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India and Pakistan: Breaking the ice?

By Sanjoy Majumder
BBC News, Delhi

The news from Sharm El-Sheikh is that peace talks between India and Pakistan are back on track.

It is quite a remarkable achievement for two countries who have barely talked to each other over the past few months and who have in fact made almost no substantial progress in five years of intermittent dialogue.

Indian Prime Minister Manmohan Singh (r) shakes hands with Pakistani Prime Minister Yousaf Raza Gilani
The two leaders met on the sidelines of a summit in Egypt

So, behind the headlines, everyone in the two countries is trying to make sense of what has changed in the past few months.

It is only the second meeting between the leaders of India and Pakistan since last year's terror attacks in Mumbai (Bombay).

Last month Indian Prime Minister Manmohan Singh met Pakistani President Asif Ali Zardari in Russia, on the sidelines of a regional summit.

Even before their formal talks and in front of the assembled media, Mr Singh told Mr Zardari that he had a mandate to tell him that the territory of Pakistan should not be used for terrorism against India.

His remarks were seen as deeply embarrassing to Mr Zardari and strongly criticised in Pakistan.

But exactly a month later, Pakistan and India have in a joint statement said that "action on terrorism should not be linked to the… dialogue process", even though no dates for talks were specified.

Firm stance

Many in India will see this as a major climb-down in Delhi's stance.

Since the Mumbai attacks, which sent relations between the two nuclear-capable neighbours into the deep freeze, India has insisted that talks could only take place if Pakistan took firm steps to bring the perpetrators of the violence to justice.

The attacks are believed to have been carried out by the Pakistani-based Lashkar-e-Taiba militant group.

Its founder, Hafiz Mohammed Saeed, was even detained on suspicion of being linked to the attack but has since been released, a move that was greeted with anger in India.

So what has changed?

Most will take heart from the fact that the two sides, despite decades of mistrust and major differences, appear committed to peace

Many in India see the invisible hand of Washington in prodding the two countries forward.

It is no coincidence that the talks, and apparent progress in relations, have taken place 24 hours before US Secretary of State Hillary Clinton arrives in India for her maiden visit since taking charge.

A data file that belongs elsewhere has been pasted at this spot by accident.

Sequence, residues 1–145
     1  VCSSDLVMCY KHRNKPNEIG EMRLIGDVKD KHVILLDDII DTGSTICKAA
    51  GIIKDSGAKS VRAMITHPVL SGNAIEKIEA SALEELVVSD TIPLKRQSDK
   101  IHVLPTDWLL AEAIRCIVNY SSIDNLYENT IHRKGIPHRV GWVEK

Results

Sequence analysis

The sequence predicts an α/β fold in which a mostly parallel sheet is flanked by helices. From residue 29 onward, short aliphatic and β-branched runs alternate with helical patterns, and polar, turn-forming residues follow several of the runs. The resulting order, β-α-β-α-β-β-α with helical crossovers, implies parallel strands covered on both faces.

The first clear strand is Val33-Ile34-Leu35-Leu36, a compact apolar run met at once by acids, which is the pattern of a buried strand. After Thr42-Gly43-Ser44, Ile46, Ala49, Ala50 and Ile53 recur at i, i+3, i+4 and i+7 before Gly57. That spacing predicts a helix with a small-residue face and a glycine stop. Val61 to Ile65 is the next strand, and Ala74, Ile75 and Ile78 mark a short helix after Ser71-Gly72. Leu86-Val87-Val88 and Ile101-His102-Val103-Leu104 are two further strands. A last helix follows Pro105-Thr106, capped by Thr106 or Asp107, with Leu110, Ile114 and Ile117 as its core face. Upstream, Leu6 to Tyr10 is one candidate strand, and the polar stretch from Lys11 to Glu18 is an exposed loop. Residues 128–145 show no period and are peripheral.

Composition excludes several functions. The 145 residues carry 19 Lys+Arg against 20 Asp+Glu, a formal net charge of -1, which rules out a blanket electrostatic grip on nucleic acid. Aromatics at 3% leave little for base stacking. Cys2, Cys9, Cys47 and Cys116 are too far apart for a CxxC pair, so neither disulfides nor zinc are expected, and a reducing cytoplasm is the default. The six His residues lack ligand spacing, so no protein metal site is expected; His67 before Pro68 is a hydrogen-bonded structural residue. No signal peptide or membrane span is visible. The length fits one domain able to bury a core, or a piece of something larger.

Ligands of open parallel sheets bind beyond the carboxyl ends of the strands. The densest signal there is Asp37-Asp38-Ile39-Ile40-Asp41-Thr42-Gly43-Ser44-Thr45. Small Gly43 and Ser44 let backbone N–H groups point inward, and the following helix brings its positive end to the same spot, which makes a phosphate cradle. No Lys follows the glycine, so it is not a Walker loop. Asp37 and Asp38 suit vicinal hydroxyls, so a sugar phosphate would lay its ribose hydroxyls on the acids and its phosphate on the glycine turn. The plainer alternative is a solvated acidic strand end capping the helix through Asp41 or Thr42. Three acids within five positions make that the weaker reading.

The US is keen that tension between the two sides eases so that Pakistan can concentrate its energies on the fight against al-Qaeda and the Taleban in the tribal areas along the Afghan border.

Major breakthrough?

In a recent interview with CNN, a senior Pakistani military official, Maj Athar Abbas, suggested that Islamabad could help broker talks between the Taleban and the US.

CNN said such a move would be in exchange for pressure on India to reduce its presence in Afghanistan.

India has four diplomatic missions in Afghanistan, something that Pakistan has openly disapproved of, accusing Delhi of using them to foment dissent in Balochistan.

Even if little comes of this, it is telling that the joint statement issued at Sharm El-Sheikh takes note of Pakistan's concern over threats it faces in its south-western province.

There is however some significant progress.

Both sides have agreed to exchange real-time intelligence on any future terror threats.

They have agreed to hold frequent talks between their foreign secretaries.

Pakistan has said that it will shortly try five Mumbai terror suspects.

It is still too early to describe this as a major breakthrough or even foresee where it is all heading.

Both leaders will have to spend the next few weeks convincing their domestic audiences that they have gained and not yielded to the other - a task perhaps a little easier for the recently re-elected Indian prime minister than for his Pakistani counterpart, who is politically on shakier ground.

But most will take heart from the fact that the two sides, despite decades of mistrust and major differences, appear committed to peace.



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